The fate of the Galápagos iguana was similar to many land dwelling creatures, in that it was driven to extinction from predators. They have now, albeit after a long hiatus, returned to the lands where they once plentifully roamed.
Officials from the Galápagos National Park announced on Monday, January 7th, that over 1,400 land iguanas had been released on Santiago island in the Galápagos Islands. They will now live alongside the Santa Fé land iguana and the pink Galápagos land iguana, which also populate the islands.
“Almost two centuries later, this ecosystem will once again count on this species through the restoration initiative.” – Galapagos National Park Officials
The director of the project (and National Park) which saw the Galápagos iguanas brought back to the island, is Jorge Carrion, who confirmed that the introduction of invasive species, such as the feral pig caused the eradication of the iguanas all those years ago. Charles Darwin made the last reported sighting of a Galápagos land iguana on Santiago island in 1835, but efforts to remove outside predators have been successful, with feral pigs having been gone from the island since 2001.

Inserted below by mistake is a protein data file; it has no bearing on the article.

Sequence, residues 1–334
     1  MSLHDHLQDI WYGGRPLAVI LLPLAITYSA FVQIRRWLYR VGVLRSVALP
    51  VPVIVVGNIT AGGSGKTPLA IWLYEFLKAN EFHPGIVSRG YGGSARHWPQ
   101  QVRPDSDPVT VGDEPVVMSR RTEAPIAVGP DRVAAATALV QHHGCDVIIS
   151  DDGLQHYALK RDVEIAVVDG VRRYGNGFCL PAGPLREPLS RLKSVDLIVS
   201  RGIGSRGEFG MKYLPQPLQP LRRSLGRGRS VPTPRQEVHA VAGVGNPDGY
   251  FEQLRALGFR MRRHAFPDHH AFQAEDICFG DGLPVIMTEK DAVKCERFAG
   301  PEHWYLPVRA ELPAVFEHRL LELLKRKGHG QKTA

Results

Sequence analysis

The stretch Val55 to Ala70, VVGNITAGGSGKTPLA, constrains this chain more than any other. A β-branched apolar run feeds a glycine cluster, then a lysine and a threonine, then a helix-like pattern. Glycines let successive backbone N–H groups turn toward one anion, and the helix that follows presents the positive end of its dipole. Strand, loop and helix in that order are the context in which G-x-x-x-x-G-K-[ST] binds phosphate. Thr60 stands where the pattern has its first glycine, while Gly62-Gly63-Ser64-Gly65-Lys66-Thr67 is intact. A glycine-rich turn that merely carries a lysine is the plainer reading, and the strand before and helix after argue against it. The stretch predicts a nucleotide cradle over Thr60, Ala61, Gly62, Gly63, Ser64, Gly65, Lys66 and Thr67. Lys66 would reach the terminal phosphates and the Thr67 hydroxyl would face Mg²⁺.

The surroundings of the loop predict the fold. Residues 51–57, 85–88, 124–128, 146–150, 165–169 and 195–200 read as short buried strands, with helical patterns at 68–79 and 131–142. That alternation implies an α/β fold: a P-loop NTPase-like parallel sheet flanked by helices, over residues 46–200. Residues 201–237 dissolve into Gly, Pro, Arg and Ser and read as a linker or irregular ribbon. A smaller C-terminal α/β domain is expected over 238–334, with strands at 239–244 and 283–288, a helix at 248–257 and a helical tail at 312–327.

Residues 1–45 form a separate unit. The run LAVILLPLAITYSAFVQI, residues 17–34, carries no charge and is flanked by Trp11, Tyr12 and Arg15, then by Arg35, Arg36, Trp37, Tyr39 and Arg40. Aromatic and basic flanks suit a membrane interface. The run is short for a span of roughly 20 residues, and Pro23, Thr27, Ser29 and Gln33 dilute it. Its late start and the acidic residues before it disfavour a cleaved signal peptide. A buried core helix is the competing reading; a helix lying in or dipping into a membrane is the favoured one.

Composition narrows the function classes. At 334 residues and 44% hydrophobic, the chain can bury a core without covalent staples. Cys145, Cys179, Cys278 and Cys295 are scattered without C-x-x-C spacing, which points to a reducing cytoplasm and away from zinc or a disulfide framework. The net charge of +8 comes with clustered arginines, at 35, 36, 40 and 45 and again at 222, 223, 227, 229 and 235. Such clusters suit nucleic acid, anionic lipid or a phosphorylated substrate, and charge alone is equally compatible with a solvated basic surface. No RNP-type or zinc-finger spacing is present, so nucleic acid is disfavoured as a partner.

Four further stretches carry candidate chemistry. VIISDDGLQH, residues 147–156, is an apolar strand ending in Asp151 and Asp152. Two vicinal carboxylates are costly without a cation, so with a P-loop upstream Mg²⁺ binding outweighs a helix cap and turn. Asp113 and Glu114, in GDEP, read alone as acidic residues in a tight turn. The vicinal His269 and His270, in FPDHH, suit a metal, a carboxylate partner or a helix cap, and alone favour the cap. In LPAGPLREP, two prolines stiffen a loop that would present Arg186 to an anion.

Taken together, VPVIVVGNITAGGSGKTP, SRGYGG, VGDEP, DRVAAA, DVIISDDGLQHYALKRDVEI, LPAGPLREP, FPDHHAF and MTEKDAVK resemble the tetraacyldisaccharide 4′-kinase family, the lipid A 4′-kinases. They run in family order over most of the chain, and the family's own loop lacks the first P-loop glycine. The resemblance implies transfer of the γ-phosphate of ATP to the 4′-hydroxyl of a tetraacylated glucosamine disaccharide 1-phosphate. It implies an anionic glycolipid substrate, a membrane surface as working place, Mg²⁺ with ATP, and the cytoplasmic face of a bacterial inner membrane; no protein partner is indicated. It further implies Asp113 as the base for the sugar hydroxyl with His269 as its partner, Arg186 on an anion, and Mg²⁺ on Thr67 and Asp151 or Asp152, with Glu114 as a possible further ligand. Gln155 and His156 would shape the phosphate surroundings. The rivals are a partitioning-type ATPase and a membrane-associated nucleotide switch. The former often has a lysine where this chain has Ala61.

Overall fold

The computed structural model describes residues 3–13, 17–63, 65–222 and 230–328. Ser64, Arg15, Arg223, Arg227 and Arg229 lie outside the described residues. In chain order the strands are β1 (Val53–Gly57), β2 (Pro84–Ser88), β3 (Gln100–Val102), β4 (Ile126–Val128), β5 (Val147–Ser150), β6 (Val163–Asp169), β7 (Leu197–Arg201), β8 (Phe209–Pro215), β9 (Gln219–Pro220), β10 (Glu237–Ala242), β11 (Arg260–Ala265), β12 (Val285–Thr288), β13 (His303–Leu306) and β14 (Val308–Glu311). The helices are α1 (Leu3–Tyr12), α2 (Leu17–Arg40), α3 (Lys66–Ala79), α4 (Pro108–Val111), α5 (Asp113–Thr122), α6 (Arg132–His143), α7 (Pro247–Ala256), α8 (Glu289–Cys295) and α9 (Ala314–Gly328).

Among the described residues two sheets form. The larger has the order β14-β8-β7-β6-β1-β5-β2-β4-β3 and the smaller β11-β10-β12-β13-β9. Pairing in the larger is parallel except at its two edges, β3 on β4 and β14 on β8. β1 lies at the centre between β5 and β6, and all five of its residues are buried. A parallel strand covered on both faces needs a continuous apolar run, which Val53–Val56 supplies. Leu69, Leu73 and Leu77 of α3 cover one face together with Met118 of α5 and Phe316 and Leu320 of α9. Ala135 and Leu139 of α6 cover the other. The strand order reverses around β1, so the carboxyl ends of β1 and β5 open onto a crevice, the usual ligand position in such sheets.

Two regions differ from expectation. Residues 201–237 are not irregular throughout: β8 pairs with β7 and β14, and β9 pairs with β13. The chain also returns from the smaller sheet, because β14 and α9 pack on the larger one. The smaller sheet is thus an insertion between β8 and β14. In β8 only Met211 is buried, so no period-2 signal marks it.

The Galápagos National Park is the oldest National Park in Ecuador, established in 1959, About 97% of the entire area of the Galápagos Islands are part of the National Park system and remain uninhabited, making it a natural, ecological haven. New measures are continually taken to preserve wildlife on the island, including rulings unveiled just a few weeks ago, which banned fireworks on the Galápagos island, in a bid to protect and leave wildlife undisturbed.
Danny Rueda, the park authority’s ecosystems director, praised the project, emphasising the benefit which the iguanas bring to the natural biodiversity of the island; “The land iguana is a herbivore that helps ecosystems by dispersing seeds and maintaining open spaces devoid of vegetation.”
The UK based charity Galapagos Conservation Trust also run an ongoing effort to nurture and maintain the species:
Wild dogs wiped out the last colonies of land iguanas on Santa Cruz in 1976, and the remaining 60 survivors were rescued by the Charles Darwin Research Station. A similar population crash on Isabela prompted a captive breeding program to be set up on Santa Cruz, which still continues today. In addition, we are supporting a project focussing on reintroducing land iguanas back to Santiago. – Galapagos Conservation Trust
They are currently taking donations to assist in their efforts.